46. ^ a b c Scientific Advisory Committee on Nutrition (SACN) Salt and Health, page 3
  47. ^ Scientific Advisory Committee on Nutrition (SACN) Salt and Health, page 18
  48. ^ Salt raises 'stomach cancer risk'
  49. ^ Cook NR, Cutler JA, Obarzanek E et al. Long term effects of dietary sodium reduction on cardiovascular disease outcomes: observational follow-up of the trials of hypertension prevention (TOHP). BMJ. 2007;334(7599):885. PMID 17449506 Free full-text
  50. ^ a b Food Safety Authority of Ireland Salt and Health: Review of the Scientific Evidence and Recommendations for Public Policy in Ireland, page 12
  51. ^ Australia: Better Health Channel (Australia, Victoria) Fluid retention
  52. ^ BBC High-salt diet link to ulcer risk 22 May 2007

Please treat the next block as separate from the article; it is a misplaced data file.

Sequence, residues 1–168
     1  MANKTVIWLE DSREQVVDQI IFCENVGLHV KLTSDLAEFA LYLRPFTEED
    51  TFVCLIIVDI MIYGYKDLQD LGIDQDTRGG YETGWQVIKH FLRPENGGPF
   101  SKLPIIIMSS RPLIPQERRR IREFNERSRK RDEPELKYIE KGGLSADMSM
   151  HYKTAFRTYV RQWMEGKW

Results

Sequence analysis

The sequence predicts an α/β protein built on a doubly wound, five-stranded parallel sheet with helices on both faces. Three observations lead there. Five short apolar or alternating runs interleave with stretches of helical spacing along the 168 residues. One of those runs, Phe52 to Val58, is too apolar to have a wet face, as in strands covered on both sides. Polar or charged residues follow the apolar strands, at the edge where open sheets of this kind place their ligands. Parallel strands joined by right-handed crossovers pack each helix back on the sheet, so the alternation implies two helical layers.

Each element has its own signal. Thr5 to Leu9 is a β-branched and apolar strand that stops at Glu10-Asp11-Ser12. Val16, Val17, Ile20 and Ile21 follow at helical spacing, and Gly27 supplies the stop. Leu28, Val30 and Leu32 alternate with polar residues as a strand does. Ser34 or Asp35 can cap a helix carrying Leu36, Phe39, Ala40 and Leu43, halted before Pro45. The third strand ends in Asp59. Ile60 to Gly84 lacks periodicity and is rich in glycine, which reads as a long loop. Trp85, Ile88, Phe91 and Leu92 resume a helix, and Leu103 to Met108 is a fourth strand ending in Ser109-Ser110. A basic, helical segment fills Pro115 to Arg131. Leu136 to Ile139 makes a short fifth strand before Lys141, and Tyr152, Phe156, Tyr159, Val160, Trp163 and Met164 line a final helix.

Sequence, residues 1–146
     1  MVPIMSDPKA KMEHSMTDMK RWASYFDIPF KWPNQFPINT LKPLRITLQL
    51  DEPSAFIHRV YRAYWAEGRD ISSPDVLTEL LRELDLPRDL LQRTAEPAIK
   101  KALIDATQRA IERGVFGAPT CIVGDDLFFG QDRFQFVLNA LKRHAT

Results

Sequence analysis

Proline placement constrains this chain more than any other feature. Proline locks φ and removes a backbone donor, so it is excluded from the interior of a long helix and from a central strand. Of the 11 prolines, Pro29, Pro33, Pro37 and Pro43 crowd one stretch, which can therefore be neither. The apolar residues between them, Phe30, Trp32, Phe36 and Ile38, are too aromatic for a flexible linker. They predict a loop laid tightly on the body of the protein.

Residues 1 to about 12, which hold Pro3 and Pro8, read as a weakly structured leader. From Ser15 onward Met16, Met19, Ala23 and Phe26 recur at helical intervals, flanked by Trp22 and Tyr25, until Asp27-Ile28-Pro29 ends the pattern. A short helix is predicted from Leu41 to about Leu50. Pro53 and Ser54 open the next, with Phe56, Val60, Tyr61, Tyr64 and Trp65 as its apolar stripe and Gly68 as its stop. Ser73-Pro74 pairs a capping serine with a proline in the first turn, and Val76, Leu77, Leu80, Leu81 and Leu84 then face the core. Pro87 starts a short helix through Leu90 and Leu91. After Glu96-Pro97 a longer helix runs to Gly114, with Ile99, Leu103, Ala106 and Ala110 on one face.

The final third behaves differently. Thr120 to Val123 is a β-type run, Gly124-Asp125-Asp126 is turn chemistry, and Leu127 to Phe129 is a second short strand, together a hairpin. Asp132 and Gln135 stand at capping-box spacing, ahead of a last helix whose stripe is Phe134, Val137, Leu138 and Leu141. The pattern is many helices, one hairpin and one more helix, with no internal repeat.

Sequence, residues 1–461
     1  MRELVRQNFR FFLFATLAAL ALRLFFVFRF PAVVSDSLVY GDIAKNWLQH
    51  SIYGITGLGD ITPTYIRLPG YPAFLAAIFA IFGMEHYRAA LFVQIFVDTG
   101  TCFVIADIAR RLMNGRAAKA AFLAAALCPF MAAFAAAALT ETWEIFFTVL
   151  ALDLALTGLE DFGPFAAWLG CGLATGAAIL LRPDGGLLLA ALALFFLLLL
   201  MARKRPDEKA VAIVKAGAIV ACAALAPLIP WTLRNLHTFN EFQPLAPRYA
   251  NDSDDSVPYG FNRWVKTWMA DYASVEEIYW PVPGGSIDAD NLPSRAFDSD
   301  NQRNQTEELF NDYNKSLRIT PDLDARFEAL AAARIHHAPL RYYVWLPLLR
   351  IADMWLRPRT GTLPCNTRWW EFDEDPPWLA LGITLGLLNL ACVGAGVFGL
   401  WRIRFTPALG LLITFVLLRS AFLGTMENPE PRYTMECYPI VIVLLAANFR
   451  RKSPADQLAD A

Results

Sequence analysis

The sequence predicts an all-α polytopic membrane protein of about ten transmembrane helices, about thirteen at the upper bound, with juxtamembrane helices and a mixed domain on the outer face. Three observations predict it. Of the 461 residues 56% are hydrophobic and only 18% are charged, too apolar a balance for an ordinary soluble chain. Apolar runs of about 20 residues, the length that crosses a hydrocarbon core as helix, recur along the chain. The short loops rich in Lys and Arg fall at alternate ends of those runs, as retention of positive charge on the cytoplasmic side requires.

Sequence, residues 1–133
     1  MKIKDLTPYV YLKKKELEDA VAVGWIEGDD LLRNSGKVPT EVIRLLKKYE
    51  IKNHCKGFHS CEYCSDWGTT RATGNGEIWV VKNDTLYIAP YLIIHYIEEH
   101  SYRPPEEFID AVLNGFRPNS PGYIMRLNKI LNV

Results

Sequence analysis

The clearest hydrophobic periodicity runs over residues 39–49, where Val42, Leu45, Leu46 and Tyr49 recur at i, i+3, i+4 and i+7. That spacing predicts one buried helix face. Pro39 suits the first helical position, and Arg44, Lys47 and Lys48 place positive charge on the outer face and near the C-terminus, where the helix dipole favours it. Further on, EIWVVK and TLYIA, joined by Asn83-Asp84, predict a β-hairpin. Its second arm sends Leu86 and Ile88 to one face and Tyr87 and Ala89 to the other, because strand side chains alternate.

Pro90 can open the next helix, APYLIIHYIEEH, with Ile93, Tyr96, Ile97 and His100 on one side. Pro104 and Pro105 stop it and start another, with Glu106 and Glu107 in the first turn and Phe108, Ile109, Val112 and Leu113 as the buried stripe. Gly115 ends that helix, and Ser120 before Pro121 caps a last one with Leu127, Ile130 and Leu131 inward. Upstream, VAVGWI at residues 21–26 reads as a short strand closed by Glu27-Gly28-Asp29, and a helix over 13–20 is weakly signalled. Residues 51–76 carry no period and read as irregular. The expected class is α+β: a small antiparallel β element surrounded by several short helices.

53. ^ Safety data for sodium chloride - The Physical and Theoretical Chemistry Laboratory of Oxford University
  54. ^ Elisabeth Elena Türk, Friedrich Schulz, Erwin Koops, Axel Gehl and Michael Tsokos. Fatal hypernatremia after using salt as an emetic—report of three autopsy cases. Legal Medicine 2005, 7, 47-50. doi:10.1016/j.legalmed.2004.06.005
  55. ^ Why Files article Salt and other wounds
  56. ^ Gary Taubes, "The (Political) Science of Salt", Science, 14 August 1998, Vol. 281. no. 5379, pp. 898 - 907
  57. ^ Yanomami Indians in the Intersald study, (accessed 13 January, 2007)
  58. ^ Angiotensin-Converting Enzyme Gene (ACE) Insertion/Deletion Polymorphism in Mexican Populations
  59. ^ Risk factors for cardiovascular mortality in Mexican Americans and non-Hispanic whites
  60. ^ Scientific Advisory Committee on Nutrition (SACN) Salt and Health
  61. ^ Health Canada Dietary Reference Intakes
  62. ^ Auckland District Health Board Public Health Nutrition Advice (PDF)
  63. ^ NHMRC Reference Nutrient Values, Sodium